Government infrastructure spending will drive a rebound in metals prices, while gold may reach $2,000 an ounce in the next year if the dollar falls, an executive with UK fund house Schroders (SDR.L:Quote) said.
The potential for very sharp price rises in industrial metals this year is very good, emerging market debt and commodities product manager Christopher Wyke told Reuters.
We think in infrastructure the cutbacks will be very limited. When a recession happens, governments in the U.S. and elsewhere accelerate infrastructure spending.
He said that despite the global economic downturn, Asia retains its appetite for infrastructure spending, which will support prices of metals such as copper and zinc. Prices of the two metals have fallen around 58 percent and 54 percent respectively from a year earlier.
The problems in Asia are not structural, they're essentially cyclical -- a very severe cyclical downturn, the London-based Wyke said in an interview at his firm's Hong Kong offices.
Wyke does not directly manage funds but oversees Schroders' commodities fund products which hold $4.5 billion in assets, including a recently launched gold and metals fund.
He said Chinese infrastructure spending will be a key driver of metals demand and prices.
The level of credit in China has been shrinking in the last 10 years, the banking system has been reformed, and they have $2 trillion in reserves, Wyke said.
So, is it likely there's going to be wholesale abandonment of infrastructure investment in China? No.
While Wyke has backed off from his stance last June that gold could reach $5,000 an ounce over the next few years as a refuge from inflation, he still expects the precious metal to show stronger gains in the second half of 2009 if the dollar falls and inflation fears mount.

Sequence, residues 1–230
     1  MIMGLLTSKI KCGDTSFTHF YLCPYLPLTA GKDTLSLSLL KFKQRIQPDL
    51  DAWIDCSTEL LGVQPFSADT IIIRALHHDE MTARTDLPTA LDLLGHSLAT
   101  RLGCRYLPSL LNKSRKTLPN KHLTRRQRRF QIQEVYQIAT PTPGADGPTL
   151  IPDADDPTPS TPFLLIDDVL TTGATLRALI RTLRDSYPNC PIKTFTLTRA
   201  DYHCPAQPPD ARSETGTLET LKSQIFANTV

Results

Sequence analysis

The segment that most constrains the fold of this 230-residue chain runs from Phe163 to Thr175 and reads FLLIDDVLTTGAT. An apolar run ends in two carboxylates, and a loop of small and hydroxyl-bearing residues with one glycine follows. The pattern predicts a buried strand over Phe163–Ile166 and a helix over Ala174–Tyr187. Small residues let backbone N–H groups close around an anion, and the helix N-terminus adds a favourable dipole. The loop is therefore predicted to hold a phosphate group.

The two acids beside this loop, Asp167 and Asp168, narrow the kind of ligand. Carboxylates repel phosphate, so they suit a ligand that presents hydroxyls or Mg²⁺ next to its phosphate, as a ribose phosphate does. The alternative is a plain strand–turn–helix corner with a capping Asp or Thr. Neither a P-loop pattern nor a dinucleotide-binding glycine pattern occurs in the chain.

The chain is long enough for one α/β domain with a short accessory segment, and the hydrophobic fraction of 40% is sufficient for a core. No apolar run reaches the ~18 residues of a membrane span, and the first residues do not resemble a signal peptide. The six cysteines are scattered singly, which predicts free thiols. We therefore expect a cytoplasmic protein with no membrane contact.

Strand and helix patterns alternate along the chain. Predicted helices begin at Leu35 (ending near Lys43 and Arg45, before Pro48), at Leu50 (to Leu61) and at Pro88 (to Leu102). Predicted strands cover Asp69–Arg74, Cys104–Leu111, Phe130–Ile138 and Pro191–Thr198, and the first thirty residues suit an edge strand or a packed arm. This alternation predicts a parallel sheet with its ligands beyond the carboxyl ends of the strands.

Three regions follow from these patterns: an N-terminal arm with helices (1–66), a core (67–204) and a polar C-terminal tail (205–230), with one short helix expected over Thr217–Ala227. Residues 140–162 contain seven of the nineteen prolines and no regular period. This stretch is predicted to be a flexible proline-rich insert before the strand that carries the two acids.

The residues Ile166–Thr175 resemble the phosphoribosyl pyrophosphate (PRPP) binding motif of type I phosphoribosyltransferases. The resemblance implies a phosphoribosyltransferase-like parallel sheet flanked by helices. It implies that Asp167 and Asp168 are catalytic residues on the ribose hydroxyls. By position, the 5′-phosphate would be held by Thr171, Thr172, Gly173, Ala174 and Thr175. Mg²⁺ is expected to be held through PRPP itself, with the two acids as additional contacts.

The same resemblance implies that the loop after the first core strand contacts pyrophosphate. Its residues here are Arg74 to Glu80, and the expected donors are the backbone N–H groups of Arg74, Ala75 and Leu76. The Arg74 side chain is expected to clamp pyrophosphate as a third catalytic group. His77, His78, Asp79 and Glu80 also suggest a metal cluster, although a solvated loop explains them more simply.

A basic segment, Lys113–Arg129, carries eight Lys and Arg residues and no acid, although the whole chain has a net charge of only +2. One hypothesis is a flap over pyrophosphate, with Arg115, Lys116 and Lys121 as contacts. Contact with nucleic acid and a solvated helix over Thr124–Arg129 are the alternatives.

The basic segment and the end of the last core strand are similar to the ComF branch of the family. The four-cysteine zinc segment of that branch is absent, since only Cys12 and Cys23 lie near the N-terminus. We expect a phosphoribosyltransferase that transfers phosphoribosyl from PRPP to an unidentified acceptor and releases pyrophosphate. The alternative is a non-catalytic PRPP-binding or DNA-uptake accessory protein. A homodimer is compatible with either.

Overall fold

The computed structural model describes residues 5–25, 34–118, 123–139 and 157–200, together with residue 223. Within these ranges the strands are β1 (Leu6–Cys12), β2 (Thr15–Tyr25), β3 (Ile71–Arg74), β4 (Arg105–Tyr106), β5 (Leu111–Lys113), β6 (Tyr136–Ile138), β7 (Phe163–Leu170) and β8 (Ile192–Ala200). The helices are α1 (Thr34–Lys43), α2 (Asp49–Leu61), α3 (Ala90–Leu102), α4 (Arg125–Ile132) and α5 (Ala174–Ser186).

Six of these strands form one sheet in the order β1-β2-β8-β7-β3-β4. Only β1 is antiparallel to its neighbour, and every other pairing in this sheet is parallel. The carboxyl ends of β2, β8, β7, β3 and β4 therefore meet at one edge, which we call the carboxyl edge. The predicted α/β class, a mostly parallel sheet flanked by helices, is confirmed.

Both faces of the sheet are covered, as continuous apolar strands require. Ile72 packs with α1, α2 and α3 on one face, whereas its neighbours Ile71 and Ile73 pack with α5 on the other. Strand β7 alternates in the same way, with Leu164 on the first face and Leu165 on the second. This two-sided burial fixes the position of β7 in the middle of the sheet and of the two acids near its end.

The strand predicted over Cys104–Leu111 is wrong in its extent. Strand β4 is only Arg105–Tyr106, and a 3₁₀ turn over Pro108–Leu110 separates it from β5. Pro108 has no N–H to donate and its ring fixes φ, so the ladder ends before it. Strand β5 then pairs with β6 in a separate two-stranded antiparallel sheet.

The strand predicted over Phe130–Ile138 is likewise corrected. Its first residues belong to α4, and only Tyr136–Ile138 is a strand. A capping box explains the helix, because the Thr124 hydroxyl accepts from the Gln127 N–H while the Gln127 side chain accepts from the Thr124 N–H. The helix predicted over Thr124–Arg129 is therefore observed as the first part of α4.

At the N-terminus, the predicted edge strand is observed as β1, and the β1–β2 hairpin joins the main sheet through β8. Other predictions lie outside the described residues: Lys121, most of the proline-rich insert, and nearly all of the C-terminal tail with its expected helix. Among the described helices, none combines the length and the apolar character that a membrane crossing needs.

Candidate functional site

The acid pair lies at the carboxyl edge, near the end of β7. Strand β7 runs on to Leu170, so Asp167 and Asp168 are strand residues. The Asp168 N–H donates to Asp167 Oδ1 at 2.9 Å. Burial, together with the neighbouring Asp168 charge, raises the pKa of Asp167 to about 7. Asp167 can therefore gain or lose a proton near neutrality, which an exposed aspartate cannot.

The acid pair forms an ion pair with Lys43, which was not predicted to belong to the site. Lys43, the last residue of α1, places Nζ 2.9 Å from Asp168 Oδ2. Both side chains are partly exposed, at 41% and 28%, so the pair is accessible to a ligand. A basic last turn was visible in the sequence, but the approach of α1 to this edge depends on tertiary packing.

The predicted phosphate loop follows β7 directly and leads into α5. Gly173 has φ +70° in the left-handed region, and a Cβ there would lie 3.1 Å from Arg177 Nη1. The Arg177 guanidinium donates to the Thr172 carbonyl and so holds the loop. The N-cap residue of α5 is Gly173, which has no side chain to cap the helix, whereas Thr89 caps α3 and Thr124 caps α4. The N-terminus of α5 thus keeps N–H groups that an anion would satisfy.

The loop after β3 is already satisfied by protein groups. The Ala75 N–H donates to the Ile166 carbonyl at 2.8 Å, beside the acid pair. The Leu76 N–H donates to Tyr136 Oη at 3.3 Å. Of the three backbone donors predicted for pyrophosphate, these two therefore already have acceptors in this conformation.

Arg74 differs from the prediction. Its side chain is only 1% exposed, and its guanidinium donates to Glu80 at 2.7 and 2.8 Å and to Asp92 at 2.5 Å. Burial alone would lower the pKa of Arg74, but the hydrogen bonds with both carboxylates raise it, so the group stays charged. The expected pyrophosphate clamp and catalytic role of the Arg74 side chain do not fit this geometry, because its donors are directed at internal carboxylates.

If you saw the dollar resume its fall and maybe toward the end of this year you started seeing people worried about the inflationary consequences of U.S. government policies, then gold prices could move up very sharply, Wyke said.
In the next 12 months, if that were to happen and the dollar were to fall, a gold price of $2,000 an ounce is quite likely.
Spot gold, which was trading at $937.20 around 0835 GMT (4:35 a.m. EDT) on Monday, has risen 6.6 percent in 2009 as investors seek a safe haven of value amid the global slump.
Schroders' gold and metals fund was up 6.15 percent this year at the end of February, Wyke said. At the end of January, the fund was worth nearly $61 million, and is down 34.3 percent since its launch in July 2008.
The Reuters-Jefferies CRB index .CRB, a global commodities benchmark of 19 commodity futures, closed at 209.59 on Friday, down nearly 9 percent for the year.
As of January 30, Schroders' gold and metals fund was 68.7 percent futures, 23 percent swaps and exchange-traded funds, 3.7 percent cash, and only 4.6 percent equities.
Wyke likes companies with pure exposure to single metals, such as Canada's Uranium Participation Corp (U.TO: Quote) -- a fund which held about 4.5 million pounds of uranium as of end-February.
They tend to be companies with the highest correlation possible to the spot price of an individual metal, Wyke said.
We don't hold the big diversified stocks, so we don't hold things like BHP, he said, referring to the world's biggest mining group, BHP Billiton (BLT.L: Quote) (BHP.AX: Quote).
(Editing by Ben Tan)
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